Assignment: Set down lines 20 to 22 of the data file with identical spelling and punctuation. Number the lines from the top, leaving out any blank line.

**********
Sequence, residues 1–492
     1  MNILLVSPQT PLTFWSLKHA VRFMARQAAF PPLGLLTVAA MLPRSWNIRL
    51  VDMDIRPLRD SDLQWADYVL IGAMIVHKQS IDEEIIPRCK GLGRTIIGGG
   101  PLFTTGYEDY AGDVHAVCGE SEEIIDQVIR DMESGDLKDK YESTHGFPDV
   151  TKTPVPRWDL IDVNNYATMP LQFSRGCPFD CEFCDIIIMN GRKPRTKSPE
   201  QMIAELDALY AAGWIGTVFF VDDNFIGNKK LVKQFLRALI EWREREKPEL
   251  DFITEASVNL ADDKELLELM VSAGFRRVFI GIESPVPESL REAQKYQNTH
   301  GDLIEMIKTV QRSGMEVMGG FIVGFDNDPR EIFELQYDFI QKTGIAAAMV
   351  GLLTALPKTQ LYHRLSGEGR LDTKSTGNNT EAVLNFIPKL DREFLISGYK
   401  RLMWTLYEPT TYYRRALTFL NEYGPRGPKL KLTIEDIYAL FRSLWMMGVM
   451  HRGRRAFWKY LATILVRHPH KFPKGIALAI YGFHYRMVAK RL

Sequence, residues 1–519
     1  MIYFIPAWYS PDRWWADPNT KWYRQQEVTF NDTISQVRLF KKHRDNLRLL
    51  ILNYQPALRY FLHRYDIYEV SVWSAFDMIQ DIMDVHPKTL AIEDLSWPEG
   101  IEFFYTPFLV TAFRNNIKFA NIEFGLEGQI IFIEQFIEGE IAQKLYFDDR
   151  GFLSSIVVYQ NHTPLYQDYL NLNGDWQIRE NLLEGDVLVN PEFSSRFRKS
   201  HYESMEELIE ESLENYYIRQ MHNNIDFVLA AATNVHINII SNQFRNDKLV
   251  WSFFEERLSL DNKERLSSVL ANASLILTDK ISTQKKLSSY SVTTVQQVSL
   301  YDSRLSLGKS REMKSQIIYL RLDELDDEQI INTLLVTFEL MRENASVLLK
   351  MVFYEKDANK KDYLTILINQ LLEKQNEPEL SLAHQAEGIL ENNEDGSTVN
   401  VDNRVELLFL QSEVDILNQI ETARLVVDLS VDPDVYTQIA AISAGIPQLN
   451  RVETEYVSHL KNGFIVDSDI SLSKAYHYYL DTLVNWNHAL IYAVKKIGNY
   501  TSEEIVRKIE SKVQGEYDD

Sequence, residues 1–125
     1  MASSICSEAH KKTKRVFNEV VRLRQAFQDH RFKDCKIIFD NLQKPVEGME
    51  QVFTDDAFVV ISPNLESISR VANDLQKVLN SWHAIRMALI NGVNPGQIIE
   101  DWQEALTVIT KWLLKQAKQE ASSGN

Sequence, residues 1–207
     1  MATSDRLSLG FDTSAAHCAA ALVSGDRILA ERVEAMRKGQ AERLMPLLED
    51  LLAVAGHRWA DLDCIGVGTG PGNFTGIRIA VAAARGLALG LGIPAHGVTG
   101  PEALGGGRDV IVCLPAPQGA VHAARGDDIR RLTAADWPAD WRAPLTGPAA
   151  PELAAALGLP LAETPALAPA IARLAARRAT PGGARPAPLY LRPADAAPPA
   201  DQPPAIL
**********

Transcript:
   351  MVFYEKDANK KDYLTILINQ LLEKQNEPEL SLAHQAEGIL ENNEDGSTVN
   401  VDNRVELLFL QSEVDILNQI ETARLVVDLS VDPDVYTQIA AISAGIPQLN
   451  RVETEYVSHL KNGFIVDSDI SLSKAYHYYL DTLVNWNHAL IYAVKKIGNY